iota is a public benefit, non-profit arts organization founded in 1994. Our mission is to inspire both new and existing artists in a historically dispersed and constantly changing technological environment. We aim to do this by foregrounding and contextualizing historically underrepresented experimental works, enriching current scholarly and academic inquiry into the artists and works in our collection, and providing our community of patrons with a foundation with which to a) study historical work and b) create new work. In other words, the end of one work’s life cycle can inspire the beginning of another.
iota is dedicated to fostering a community of artists by engaging them with our four programs: community, exhibition, research and preservation. We work with other like-minded organizations to exhibit and distribute underrepresented experimental works; foster research and discovery by maintaining an archive, on-site library and website; and preserve the films, artwork and paper material in our collections.
Collections and Curatorial Focus
Although iota’s interests span many interconnected areas of historical experimentation, the medium for which we have the richest collections and resources is experimental film and video work with a special emphasis on abstract film, animation, and films from West Coast artists.
Abstract Film and Animation: Historically, the artistic exploration of abstraction in the moving image has taken on many forms with a wide variety of names: Lumia ... Visual Music ... Mobilcolor ... Absolute Film ... Video Synthesis ... Rhythmic Light ... Abstract Animation. Today the medium is commonly referred to as “Visual Music.” We believe that there is a vast amount of interconnectedness between these varied techniques and titles, and that their common artistic goals can unite them into a single art of light and movement. As the first arts organization to dedicate its mission to visual music, we continue to expand our resources and collections in this area.
West Coast Experimental Filmmakers: According to the bulk of literature covering the history of avant-garde filmmaking in the US, New York filmmakers constitute the bulk of the canonical filmmakers in this genre. In his 1960 graduate thesis for UCLA, Robert Pike wrote about the “West Coast Experimental Film Movement” as a movement distinct in form and focus from its east coast counterpart. Pike later formed a distribution company called Creative Film Society, which collected (amongst other genres) a substantial number of experimental works with a distinct emphasis on West Coast artists. In 1996, iotaCenter worked with Pike’s wife Angie to negotiate the donation of of a large number of these films - including works from such artists as Pat O’Neill, Kenneth Anger, John and James Whitney, Ernie Pintoff and Patricia Marx - to our collection.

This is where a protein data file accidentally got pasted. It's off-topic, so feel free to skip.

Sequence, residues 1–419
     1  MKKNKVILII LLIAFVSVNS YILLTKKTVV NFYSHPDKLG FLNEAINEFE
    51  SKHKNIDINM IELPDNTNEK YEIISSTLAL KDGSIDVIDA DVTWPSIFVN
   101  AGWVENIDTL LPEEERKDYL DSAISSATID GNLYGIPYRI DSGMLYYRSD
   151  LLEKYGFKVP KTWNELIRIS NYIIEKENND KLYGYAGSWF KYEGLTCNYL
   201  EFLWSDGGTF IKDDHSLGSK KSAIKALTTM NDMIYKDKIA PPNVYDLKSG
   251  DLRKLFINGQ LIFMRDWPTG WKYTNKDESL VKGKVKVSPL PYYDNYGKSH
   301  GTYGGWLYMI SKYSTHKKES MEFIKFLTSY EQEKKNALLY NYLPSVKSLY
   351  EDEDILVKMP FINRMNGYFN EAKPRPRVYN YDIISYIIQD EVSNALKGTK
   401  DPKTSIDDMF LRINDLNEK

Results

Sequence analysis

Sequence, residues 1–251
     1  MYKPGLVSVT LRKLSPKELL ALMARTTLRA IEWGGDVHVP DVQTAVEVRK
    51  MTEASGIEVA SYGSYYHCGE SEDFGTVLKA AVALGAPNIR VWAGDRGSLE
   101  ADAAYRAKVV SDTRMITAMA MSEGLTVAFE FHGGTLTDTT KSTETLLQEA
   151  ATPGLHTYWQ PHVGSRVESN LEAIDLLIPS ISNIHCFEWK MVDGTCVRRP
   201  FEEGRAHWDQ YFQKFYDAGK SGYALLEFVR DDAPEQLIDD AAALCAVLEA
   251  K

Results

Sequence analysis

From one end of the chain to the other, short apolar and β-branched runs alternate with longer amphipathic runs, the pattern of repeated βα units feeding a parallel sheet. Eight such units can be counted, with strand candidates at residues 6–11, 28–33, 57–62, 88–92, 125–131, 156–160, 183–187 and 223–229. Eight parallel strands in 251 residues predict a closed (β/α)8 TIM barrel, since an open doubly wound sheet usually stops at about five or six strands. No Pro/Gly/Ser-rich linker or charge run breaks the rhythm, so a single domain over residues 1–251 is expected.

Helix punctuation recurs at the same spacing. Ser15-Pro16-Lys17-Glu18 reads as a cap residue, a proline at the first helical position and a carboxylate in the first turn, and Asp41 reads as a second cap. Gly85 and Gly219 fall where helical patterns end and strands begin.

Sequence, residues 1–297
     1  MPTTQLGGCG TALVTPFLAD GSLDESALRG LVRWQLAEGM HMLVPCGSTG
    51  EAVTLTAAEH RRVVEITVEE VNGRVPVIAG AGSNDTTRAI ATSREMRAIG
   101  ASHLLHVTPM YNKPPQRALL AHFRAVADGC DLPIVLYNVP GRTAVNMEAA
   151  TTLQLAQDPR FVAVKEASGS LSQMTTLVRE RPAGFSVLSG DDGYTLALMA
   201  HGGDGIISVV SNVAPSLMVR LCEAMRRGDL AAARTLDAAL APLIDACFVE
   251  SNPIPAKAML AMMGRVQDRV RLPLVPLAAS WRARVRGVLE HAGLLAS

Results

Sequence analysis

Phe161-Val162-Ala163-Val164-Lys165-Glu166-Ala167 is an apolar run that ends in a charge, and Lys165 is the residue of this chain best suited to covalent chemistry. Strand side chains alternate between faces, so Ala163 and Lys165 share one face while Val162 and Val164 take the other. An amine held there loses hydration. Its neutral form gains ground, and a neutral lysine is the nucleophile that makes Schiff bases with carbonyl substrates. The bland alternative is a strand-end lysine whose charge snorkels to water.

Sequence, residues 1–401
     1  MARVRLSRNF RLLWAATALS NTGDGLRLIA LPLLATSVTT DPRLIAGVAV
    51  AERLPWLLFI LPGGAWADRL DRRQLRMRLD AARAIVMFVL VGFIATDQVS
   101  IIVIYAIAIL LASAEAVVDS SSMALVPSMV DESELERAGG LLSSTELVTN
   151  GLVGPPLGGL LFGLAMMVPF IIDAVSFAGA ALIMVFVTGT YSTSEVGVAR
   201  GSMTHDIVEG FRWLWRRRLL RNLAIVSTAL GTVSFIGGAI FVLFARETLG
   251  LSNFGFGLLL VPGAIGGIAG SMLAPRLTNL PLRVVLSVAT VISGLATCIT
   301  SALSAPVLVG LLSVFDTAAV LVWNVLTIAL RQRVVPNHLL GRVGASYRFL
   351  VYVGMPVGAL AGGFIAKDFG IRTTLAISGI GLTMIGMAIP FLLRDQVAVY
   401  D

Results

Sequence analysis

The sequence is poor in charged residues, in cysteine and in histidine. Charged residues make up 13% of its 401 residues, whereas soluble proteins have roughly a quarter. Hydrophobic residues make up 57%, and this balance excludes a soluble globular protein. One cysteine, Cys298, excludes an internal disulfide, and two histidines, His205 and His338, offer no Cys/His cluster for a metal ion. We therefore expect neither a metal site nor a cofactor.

The interactive timeline of the iotaCenter can be found here
Who We Are
Board of Directors
Jeremy Speed Schwartz
Murtha Baca|| Dennis Miller|
Adam Hyman|| Noel Palazzo|
Seth Kaufman|| Vibeke Sorensen|
Janet Keller|| Mark Toscano|
Victoria Meng|| |
Judith Meriens|| |
Gina Marie Napolitan
Victoria Meng (UCLA)
Amy Sloper (UCLA)
Keren Albala (USC)
Ryan Lovelace (USC)
Dan Racusin (Calarts)
Mary Beth Reed (Calarts)
Michael Ward (USC)
David Wishard (USC)
Janeann Dill, Ph.D, MFA
Become a Member
iotaCenter is proud to launch our 2010 Membership Program! After soliciting feedback from the members of our Advisory Council, we have formulated a plan to drive forward our by creating a tiered set of membership options tailored to the needs of our current community. For more information on the different levels and how to join, please visit our Membership Page.
The iotaCenter Email Discussion List
Established in 1999, the iota email list now has over 400 members.
Subscribe to our discussion group list and join the dialogue.
Send a blank email to:
You can explore the archive of our discussion group online here:
10401-106 Venice Blvd #330
Los Angeles, CA 90034
310 842 8704
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The iotaCenter is a 501(c)3 non-profit corporation.
Music is the supreme example of movement become pattern. Music is time given sublime shape.
If for no other reason than its universality and its status in the collective
mind, music invites imitation. A visual art should give the same superior
shape to the temporal order that we expect of music.